(e) detecting the detectable label incorporated into the nascent cDNA strand synthesized by the reverse transcriptase, wherein the presence of the label in the cDNA is indicative of the presence of the target RNA in the sample.
48. The method of
(f) comparing the presence or absence of a target RNA in a sample cell with respect to that in a reference cell.
49. The method of
50. The method of
51. A kit for identifying sequence variations in a target polynucleotide as compared to a reference sequence, comprising:
a) an array of at least two oligonucleotide primers immobilized on a solid phase support, wherein each oligonucleotide primer is selected to comprise a sequence complementary to a target RNA, and occupies an identifiable and discrete area of the array;
b) reagents suitable for a reverse transcription reaction on the array; and
c) detection means for detecting a nascent cDNA strand on the array.
52. The kit of
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 The invention relates to the field of nucleic acid biology. Specifically, this invention relates to the field of detection of nucleic acids on microarrays. More specifically, this invention relates to the detection of specific RNA on microarrays using reverse transcription.
 The pattern of gene expression in a particular living cell is characteristic of its current state. Nearly all differences in the state or type of a cell are reflected in the differences in RNA levels of one or more genes. Comparing expression patterns of uncharacterized genes may provide clues to their function. High throughput analysis of expression of hundreds or thousands of genes can help in (a) identification of complex genetic diseases, (b) analysis and detection of pathogens (such as viruses and microorganisms including bacteria, yeast and protozoa), (c) analysis of differential gene expression over time, between tissues and disease states, and (d) drug discovery and toxicology studies. For example, increase or decrease in the levels of expression of certain genes correlate with cancer biology as oncogenes are positive regulators of tumorigenesis, while tumor suppressor genes are negative regulators of tumorigenesis (Marshall, Cell, 64: 313-326 (1991); Weinberg, Science, 254: 1138-1146 (1991)). However, detection of small quantities of such expressed genetic materials represents a major challenge in biological research and clinical diagnosis.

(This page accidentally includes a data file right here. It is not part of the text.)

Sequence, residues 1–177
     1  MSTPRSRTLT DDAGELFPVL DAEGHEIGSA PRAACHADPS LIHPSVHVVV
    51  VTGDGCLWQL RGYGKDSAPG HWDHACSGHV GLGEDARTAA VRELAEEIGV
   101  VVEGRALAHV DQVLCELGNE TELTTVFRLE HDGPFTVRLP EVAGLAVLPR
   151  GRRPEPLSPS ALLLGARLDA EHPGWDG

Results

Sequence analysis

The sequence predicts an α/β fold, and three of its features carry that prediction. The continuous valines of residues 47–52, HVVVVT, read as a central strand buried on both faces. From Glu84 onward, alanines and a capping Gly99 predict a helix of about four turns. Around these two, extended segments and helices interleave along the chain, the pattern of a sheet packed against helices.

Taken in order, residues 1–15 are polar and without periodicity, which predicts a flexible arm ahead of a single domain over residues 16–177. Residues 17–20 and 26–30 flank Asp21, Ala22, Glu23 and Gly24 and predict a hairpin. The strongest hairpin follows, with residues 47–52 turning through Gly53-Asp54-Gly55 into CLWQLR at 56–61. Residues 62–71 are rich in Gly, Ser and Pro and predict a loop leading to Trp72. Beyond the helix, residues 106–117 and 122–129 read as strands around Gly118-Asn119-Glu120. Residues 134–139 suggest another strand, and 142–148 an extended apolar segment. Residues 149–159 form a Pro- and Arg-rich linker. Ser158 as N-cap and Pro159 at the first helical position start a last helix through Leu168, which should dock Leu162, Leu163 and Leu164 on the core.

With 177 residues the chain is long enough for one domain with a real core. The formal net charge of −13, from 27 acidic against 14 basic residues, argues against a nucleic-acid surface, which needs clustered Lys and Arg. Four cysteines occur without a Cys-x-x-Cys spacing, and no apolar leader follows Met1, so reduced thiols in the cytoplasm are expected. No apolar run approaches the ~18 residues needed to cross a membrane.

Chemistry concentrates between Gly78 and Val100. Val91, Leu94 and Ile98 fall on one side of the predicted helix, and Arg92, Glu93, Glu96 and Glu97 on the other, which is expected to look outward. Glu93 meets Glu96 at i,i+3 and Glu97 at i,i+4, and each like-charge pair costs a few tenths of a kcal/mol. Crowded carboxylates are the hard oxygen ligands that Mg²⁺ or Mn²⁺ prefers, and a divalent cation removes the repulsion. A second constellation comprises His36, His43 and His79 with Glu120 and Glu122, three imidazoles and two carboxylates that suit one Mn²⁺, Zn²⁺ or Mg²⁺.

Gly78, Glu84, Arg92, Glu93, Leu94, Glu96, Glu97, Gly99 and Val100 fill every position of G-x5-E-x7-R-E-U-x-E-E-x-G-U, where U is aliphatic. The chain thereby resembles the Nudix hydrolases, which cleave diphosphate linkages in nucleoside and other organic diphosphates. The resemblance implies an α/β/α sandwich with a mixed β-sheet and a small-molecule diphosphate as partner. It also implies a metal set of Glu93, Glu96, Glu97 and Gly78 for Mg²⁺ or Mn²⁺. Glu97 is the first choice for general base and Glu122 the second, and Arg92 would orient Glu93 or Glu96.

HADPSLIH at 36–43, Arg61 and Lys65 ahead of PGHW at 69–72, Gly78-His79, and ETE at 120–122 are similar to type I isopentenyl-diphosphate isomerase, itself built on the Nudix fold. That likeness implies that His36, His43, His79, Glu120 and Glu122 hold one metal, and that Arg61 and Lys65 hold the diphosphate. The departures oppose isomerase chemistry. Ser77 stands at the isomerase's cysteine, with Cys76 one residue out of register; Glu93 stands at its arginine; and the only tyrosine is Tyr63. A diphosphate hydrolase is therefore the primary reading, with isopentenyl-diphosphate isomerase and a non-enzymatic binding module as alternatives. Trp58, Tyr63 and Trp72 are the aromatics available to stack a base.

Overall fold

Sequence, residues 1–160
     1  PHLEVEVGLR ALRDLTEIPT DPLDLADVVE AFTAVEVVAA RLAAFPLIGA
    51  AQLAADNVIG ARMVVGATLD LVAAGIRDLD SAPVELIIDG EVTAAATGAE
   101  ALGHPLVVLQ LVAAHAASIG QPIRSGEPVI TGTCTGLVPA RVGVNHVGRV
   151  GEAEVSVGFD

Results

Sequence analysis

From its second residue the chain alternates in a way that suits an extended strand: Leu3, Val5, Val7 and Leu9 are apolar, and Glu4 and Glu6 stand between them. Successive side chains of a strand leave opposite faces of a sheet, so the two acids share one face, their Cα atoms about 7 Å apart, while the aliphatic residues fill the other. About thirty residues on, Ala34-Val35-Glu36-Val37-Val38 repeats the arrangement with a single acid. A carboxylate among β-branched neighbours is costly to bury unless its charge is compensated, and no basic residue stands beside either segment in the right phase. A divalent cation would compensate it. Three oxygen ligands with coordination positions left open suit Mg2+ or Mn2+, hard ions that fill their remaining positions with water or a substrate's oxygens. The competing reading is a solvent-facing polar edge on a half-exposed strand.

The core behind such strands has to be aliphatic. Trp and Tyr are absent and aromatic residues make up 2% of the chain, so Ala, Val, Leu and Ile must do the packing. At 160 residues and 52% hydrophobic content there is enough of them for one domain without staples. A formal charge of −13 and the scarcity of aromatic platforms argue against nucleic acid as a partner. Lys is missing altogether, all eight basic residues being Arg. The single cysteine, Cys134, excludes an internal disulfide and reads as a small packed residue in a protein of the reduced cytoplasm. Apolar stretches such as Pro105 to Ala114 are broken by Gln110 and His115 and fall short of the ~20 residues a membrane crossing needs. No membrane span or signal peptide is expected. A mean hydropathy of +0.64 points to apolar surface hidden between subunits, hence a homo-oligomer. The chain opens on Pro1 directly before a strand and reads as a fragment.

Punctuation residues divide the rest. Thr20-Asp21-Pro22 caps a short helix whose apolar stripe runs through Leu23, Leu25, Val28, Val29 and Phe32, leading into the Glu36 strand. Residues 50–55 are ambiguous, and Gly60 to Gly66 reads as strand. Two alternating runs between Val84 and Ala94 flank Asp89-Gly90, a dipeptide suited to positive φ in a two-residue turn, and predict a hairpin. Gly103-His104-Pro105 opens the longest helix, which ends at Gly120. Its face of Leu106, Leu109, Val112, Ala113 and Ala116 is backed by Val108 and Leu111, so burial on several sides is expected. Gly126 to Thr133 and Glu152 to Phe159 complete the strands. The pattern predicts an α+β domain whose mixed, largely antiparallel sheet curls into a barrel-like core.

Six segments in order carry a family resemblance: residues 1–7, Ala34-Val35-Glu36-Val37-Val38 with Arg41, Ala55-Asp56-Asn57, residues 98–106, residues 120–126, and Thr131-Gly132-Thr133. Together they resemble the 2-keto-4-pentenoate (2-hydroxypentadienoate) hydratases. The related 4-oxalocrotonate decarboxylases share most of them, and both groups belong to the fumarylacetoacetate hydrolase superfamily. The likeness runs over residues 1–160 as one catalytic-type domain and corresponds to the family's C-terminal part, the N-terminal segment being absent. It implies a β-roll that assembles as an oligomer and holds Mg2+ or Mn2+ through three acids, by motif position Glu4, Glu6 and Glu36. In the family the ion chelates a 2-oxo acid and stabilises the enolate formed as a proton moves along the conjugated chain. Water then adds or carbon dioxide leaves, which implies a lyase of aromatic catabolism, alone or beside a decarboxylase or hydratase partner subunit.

A number of methods are known in the art for detecting and comparing gene expression levels in different biological sources. One standard method for such detection of RNA levels is the Northern blot. In this technique, RNA is extracted from the sample and loaded onto any of a variety of gels suitable for RNA analysis, which are then run to separate the RNA by size, according to standard methods (see, e.g., Sambrook, J., et al., Molecular Cloning, A Laboratory Manual. Cold Spring Harbor Laboratory Press, Cold Spring Harbor, N.Y. (2nd ed. 1989)). The gels are then blotted (as described in Sambrook, supra), and hybridized to probes for detection of RNAs of interest. Northern blots are not used very often for diagnostic purposes; they are used mainly in research.